SUNNYVALE, Calif. -- Virtual reality could soon be coming to a pocket or purse near you.
Some Stanford University and University of California Berkeley graduates are building a tiny virtual reality camera with just one button.
It's called the LucidCam and when it's finished the company's CEO Han Jin said "you can take a picture now, holding it like a mobile phone."
The camera has two beady eyes because it's built to see the world just like people do.
"Even the distance between the lenses is exactly the average eye distance," said Sheldon Fernandes, LucidCam virtual reality engineer.
It's a big departure from other virtual reality cameras hitting the market that are designed for professionals, some have up to 16 lenses.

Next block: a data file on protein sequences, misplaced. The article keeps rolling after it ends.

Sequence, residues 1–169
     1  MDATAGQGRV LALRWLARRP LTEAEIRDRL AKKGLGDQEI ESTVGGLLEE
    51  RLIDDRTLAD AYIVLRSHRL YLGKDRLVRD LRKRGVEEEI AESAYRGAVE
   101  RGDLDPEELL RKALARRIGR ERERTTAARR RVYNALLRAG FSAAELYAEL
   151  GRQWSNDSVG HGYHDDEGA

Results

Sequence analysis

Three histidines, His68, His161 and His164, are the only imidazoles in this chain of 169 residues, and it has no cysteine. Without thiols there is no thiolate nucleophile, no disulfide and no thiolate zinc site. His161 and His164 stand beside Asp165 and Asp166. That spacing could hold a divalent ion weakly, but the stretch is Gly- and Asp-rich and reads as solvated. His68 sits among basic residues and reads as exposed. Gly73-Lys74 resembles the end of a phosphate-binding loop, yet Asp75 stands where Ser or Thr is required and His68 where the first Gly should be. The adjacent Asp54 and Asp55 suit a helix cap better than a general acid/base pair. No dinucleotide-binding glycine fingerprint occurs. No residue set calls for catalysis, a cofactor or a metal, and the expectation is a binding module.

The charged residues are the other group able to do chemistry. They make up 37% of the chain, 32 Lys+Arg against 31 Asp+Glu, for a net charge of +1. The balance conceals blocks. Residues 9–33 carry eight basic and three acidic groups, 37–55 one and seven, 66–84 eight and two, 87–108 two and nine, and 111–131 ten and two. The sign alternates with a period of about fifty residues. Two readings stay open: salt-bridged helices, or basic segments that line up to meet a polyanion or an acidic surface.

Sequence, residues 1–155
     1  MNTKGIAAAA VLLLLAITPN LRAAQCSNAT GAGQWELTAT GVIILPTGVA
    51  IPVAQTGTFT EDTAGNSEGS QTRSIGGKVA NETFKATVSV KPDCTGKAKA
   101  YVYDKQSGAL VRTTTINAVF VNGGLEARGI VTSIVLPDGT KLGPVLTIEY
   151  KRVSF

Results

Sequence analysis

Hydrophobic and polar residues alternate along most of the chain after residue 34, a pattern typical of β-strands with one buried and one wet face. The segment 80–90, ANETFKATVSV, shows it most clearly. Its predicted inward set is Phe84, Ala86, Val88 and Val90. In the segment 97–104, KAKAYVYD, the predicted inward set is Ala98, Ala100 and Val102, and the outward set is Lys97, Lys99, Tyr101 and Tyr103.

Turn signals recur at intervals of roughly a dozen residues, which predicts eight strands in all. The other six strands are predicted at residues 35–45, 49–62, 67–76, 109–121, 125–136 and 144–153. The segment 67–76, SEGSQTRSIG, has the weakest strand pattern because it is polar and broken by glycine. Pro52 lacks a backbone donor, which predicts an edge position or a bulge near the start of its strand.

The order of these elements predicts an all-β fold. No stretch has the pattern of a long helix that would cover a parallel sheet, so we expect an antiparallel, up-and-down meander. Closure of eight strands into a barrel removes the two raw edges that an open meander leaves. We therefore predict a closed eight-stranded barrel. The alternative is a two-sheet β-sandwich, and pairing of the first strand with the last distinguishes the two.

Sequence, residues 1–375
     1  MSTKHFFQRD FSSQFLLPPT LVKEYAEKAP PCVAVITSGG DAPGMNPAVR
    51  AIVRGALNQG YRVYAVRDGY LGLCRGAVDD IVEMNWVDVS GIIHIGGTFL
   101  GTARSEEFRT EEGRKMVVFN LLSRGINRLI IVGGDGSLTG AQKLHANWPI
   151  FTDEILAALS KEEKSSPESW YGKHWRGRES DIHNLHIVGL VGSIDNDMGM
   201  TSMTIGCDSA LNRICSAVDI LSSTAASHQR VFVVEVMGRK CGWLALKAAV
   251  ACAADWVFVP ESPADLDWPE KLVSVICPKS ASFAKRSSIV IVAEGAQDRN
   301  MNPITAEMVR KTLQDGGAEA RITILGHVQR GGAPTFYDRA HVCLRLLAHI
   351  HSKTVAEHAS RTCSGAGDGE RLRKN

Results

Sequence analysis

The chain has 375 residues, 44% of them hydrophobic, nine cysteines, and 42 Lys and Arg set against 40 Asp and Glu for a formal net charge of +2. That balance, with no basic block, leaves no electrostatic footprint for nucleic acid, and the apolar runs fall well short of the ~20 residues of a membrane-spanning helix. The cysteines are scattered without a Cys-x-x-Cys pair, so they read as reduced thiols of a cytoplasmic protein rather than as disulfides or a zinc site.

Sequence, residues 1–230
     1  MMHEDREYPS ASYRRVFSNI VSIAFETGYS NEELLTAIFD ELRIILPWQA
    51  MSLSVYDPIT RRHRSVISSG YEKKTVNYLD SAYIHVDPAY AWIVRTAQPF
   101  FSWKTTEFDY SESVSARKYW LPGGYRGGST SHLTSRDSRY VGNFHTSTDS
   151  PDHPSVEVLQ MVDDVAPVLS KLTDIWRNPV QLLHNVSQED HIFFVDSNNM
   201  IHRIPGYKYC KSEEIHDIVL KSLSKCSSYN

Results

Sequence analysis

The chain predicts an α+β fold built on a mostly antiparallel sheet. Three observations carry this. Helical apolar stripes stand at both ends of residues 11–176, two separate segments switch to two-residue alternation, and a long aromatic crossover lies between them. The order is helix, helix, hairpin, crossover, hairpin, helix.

Jin wanted a simpler way to share experiences with his family halfway around the world.
"And I need like 15 minutes or 20 minutes of setup, or they're extremely expensive and I can't afford to do it," Jin said. "And feeling like I'm there with my parent or with my grandma at that special event."
Compared to those big budget virtual reality cameras, the LucidCam is something you would use just for fun. People won't always view the images on a big budget virtual reality headset. More likely, they'll use something made of cardboard.
It was Google that first introduced the cardboard virtual reality viewer a year and a half ago. It's meant for short trips into the virtual world.
The New York Times is giving the carbroard viewers away to subscribers and you can use them with Lucid's free app to preview what the camera can do.
"You feel like you are walking and that's a special part about it," Jin said.
Of course, you can get a whole stack of these if you pre-order the $300 camera on Indiegogo. They say the fundraising's going well and they plan to ship early next year.
Berkeley, Stanford grads develop pocket-sized virtual reality camera
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